Atmospheric Painting: Top Tips
Do you avoid using wet-in-wet techniques? Make sure you read on, as you won’t create loose, atmospheric scenes without this essential skill.
I was hopeless at using them in the beginning. I’d see artists demonstrate painting soft shadows or distant trees/mountains effortlessly… But when I tried, I just made a mess, colors running everywhere
Here’s the secret: timing.
If you’ve just applied a wash, and the paper is completely wet, any additional paint applied will spread and form larger shapes with soft edges. This is good for large clouds. You can even lift out the paint with a large brush/tissue to create shapes.
If you wait for a little, you’ll notice the water start to evaporate and the paper takes on a lighter sheen. At that moment, you can drop in a THICKER concentration of paint to create distant mountains, dark shadows, etc. The paint should spread but not uncontrollably. Enough to imply things that don’t require fine detail. But remember, if you have too much water on your brush, it’ll make a mess and lots of blooms.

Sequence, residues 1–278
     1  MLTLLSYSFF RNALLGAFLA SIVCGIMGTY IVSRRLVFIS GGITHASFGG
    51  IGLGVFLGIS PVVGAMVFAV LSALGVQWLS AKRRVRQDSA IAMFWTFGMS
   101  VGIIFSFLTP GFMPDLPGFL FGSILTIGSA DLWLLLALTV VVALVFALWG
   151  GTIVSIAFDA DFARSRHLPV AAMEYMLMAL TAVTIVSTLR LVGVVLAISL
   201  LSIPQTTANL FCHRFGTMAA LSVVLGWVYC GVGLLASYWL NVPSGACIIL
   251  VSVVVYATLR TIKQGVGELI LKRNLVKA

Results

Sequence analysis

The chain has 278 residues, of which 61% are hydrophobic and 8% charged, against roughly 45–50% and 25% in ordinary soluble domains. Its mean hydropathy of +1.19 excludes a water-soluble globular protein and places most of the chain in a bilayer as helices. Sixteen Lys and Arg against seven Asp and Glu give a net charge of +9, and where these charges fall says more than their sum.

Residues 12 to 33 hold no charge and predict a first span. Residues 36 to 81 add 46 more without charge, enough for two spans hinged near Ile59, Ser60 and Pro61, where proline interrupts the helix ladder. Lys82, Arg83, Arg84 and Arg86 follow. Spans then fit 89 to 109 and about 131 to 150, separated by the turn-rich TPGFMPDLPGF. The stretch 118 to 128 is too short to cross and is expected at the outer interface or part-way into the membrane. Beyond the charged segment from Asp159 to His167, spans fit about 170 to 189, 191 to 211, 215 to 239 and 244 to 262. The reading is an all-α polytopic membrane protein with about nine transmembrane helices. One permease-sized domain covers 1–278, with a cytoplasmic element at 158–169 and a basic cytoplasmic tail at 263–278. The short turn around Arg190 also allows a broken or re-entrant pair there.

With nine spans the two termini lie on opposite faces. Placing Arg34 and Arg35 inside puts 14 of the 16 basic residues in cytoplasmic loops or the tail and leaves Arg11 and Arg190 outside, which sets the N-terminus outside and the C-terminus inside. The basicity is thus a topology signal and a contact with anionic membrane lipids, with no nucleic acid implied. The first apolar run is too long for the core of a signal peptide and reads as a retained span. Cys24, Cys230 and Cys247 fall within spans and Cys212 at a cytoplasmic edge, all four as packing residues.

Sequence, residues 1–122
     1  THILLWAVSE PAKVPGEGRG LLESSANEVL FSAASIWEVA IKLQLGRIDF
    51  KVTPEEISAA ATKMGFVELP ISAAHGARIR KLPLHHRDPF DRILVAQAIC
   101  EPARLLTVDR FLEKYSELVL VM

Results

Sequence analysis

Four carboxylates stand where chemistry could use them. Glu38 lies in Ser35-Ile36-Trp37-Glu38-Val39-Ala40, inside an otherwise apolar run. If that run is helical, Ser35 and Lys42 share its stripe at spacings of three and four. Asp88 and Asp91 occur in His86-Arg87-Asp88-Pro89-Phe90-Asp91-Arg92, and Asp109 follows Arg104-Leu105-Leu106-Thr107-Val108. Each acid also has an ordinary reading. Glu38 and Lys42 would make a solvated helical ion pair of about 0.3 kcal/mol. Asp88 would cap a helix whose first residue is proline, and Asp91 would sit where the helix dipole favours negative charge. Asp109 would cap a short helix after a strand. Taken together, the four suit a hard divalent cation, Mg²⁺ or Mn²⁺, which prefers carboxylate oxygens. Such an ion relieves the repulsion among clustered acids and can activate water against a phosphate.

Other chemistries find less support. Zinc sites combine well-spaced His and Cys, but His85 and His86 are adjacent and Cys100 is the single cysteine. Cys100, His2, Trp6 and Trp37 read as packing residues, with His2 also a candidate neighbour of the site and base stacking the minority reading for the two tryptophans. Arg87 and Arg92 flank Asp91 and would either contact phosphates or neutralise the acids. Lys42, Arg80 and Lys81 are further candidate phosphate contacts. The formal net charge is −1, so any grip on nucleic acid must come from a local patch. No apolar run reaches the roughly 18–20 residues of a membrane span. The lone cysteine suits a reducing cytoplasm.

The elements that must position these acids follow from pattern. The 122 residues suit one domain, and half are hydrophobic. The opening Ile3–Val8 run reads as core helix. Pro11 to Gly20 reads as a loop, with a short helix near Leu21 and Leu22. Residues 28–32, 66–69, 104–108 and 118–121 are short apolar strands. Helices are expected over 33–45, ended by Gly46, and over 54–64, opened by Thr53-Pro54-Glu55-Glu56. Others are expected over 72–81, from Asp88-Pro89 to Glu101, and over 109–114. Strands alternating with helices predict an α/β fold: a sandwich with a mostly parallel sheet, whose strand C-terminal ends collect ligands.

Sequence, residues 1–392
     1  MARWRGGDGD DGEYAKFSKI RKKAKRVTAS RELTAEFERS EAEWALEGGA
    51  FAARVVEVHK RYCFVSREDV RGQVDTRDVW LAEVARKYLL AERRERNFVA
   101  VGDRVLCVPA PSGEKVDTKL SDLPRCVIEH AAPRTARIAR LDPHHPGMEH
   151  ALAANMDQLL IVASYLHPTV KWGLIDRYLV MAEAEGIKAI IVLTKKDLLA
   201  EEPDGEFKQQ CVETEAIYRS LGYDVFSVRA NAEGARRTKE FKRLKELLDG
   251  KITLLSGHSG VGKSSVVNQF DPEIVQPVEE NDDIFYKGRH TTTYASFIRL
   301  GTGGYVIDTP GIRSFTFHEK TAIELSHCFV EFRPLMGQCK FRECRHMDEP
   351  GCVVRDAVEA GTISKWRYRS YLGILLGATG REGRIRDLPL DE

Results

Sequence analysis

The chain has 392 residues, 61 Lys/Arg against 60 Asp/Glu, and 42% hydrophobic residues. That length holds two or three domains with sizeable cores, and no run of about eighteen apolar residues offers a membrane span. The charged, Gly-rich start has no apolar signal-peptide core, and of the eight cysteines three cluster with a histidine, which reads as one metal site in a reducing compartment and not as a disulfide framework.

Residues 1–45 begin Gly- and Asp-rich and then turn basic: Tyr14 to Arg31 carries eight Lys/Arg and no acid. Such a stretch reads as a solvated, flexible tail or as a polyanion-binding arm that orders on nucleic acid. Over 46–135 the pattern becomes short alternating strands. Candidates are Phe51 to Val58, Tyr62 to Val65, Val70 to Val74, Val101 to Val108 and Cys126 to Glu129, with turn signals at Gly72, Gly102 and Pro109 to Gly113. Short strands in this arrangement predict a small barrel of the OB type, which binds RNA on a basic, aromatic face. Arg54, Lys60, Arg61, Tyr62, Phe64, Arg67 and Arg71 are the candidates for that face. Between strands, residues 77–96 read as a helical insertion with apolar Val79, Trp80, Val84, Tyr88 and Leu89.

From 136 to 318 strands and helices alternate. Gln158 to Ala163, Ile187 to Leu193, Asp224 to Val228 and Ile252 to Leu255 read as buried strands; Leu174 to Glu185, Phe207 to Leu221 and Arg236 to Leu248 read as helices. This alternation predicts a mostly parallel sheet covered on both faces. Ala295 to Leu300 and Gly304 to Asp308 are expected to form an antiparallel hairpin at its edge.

Here’s an exercise that will help you: draw 3 small rectangles on a sheet of paper and apply clean water to each rectangle. Then, add some paint in to each rectangle at different times (i.e. immediately, after 1 min, or 3 mins).
Make sure you use a cloth or paper towel at all times to control the amount of water on your brush. Continually check and ask yourself if it’s the right consistency BEFORE you put that brush to paper.
Being aware of the above and experimenting/practicing has helped me immensely. I’m still learning. Wet-in-wet technique is a game changer, and also can help you paint 2-3x faster.
But reading this isn’t going to produce any miracles on your end.